The Tropic 3D Guide to 3D Printer File Types

You must have a 3D digital model of the part before you can print it on a 3D Printer. 3D models are available in various CAD file formats that can be edited with 3D modeling software (some free), such as SolidWorks, Fusion360, FreeCAD, Blender, and Rhino. Depending on the part, these models may require reverse engineering or 3D scanning. Once the model has been created, it can be used repeatedly for printing. A digital 3D model can be easily changed, which is a major advantage over injection molding and 3D printing.

We often discuss with our clients what type of 3D models we require for 3D printing and quoting. Although we prefer certain file types, we can work with many. The file formats we use are listed below, in order of preference. Upload any of these files on our website to begin your 3D print quote process. We can help you create a 3D design if you do not have one yet.

3D Model File Types for 3D Printing


The most common file format for 3D printers is .STL. This file type uses STL to create a triangle mesh to define surfaces. This standard industry file type allows users to create files of various sizes and shapes. These files are smaller and simpler, which makes them easier to edit and share. STL files can be found on many websites, including GRABCAD, Cults3d, CGTrader, Yeggi, Thingiverse, and Printables. They are free and make 3D printing accessible to everyone.

Our 3D modeling software is able to open and edit STL files easily. Our team has experience creating 3D printable STLs for different 3D printing materials and processes, including FDM /FFF, SLA / SLS, MJF / SLM, DMLS & Binder Jetting. If you send us an STL, we know that we are off to a great start.


The second most common file format is .OBJ. OBJ files are more complex than STLs because they include more information about the object, including its texture and color. These files are specifically designed for 3D printing and have higher resolutions. This additional data can make it easier to visualize the final product, but it is not always needed and may slow down the printing process. OBJ files may be required when printing a full-color part. They can also come with MTL files (Material Library), or VRML files, which contain additional data like color and texture.

If someone sends an OBJ, we can usually work with it. We will convert OBJ to STL for your convenience. We can manipulate OBJ files to ensure your parts are printed correctly.


It is not wrong to use .STEP files (Standards for the Exchange of Product Data), or .STP, for short. They are very useful for professionals that need to store a lot of information and data about their components in one file. They are often used by engineers, industrial designers, and product designers. These are ideal for projects involving iteration and design changes after download. They can be difficult to print because they contain so many details.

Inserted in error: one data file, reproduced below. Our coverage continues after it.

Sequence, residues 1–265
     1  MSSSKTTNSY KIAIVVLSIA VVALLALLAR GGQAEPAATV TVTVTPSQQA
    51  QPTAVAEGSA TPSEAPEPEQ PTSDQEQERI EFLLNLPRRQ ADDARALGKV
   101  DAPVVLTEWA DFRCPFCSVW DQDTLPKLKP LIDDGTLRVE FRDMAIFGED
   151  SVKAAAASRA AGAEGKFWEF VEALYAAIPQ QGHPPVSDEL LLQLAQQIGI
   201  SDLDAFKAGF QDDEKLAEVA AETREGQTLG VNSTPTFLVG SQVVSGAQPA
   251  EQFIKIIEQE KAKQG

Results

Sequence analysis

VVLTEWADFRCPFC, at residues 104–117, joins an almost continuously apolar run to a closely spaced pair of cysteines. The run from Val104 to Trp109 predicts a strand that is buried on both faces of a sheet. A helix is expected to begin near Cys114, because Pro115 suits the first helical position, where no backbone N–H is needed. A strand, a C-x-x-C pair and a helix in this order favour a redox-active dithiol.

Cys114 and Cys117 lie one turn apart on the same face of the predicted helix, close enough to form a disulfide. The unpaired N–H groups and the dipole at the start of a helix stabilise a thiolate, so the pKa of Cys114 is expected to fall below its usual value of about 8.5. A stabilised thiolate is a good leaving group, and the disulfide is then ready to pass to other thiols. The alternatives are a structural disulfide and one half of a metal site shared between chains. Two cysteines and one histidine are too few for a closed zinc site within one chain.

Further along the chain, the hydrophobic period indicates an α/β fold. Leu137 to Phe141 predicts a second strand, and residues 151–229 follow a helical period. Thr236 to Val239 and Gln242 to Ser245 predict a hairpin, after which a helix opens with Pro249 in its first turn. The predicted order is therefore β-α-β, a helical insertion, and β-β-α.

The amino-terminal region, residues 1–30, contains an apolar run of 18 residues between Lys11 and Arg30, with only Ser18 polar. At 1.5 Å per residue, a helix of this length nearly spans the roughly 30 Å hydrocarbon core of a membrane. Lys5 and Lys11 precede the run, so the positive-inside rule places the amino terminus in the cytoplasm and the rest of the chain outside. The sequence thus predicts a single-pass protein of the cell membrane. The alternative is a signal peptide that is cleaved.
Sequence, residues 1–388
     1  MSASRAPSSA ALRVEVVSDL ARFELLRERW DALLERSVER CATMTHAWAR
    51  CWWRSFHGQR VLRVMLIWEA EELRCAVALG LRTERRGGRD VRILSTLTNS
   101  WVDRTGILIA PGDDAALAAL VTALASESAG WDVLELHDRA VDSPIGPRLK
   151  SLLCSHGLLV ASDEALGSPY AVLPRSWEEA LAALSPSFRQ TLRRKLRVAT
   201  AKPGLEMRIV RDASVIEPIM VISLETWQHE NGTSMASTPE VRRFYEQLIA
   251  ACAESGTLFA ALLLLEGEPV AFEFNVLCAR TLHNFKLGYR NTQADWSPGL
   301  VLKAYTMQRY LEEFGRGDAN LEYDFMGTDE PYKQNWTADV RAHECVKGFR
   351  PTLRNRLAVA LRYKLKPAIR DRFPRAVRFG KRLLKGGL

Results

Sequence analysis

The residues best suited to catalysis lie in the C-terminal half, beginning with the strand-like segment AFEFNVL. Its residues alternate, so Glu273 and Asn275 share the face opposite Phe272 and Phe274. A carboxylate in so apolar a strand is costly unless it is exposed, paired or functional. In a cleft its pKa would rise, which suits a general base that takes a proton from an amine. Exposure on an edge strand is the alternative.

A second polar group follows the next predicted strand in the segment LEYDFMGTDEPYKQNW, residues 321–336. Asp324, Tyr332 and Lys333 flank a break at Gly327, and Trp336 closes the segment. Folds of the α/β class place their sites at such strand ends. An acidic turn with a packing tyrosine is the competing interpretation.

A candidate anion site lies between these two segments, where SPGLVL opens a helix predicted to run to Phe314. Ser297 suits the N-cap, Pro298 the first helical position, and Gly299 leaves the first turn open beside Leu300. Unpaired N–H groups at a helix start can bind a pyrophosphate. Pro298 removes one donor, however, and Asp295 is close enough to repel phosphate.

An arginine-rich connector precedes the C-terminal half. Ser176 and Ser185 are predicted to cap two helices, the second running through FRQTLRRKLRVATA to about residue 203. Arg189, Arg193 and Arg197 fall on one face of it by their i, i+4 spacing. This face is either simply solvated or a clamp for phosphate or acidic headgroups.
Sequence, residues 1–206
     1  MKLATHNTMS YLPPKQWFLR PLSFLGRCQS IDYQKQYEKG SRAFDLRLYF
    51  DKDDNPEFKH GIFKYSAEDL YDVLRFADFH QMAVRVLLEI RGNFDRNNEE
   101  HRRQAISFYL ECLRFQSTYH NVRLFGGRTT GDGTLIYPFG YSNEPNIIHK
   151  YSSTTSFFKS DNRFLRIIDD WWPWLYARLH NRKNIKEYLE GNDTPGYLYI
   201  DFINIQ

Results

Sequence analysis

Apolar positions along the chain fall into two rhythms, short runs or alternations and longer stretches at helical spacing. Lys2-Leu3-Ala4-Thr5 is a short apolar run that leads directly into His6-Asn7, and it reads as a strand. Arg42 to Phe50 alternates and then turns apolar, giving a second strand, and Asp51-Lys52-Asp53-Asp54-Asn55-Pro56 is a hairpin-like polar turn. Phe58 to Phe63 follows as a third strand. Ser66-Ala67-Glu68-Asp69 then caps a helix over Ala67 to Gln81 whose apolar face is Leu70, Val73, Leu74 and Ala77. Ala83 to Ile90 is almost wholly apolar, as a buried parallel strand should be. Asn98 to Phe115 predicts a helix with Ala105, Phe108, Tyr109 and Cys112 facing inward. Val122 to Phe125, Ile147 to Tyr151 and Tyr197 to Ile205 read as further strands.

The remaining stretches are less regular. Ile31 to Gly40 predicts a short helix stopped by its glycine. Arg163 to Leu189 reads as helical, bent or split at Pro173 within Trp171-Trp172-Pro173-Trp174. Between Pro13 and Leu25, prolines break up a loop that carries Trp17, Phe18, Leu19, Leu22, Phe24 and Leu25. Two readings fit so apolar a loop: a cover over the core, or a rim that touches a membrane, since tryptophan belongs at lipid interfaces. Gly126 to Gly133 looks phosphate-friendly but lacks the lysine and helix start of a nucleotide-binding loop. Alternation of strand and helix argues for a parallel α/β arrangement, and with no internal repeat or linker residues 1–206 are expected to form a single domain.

We almost always convert STEP files into STLs when we receive them for printing. This is to make the files more manageable. Although we have the software to open them, we do not prefer to use them for printing setup. Most software allows you to export 3D models as STL instead of STEP. We always appreciate it when customers choose this option. If we work with you to design 3D parts, STEP could be useful, especially in the early pre-printing stages.


.3MF is a newer file format that was developed in 2015. It is becoming increasingly popular. 3MF was developed as an open-source format to replace AMF. 3MF files can potentially eliminate a step from the 3D print setup process. Other file formats can be opened first in 3D modeling software, which allows them to be edited. They are then transferred to a slicer software to include additional printing information. 3MF files do not need to be opened with 3D modeling software. They can be directly imported into the slicer and converted into gcode for the printer.

It is easier for us to work with a 3MF print-ready file if a client provides it. It’s unlikely, however, that the file will be perfectly set up for our printers. We would likely still review the file with our modeling software, then convert it to gcode. However, it’s great to see people getting more familiar with 3MF files and slicers.

3D Design CAD File Formats

During the design stage, we can work with other CAD file formats, including JPEG, PNG, and DWG. We accept other file types for design work, such as JPEGs, JPGs, PNGs, DWGs, PLYs, DXFs, RVTs, and NWDs. We also accept sketches drawn by hand, even when you give them to us on a napkin.

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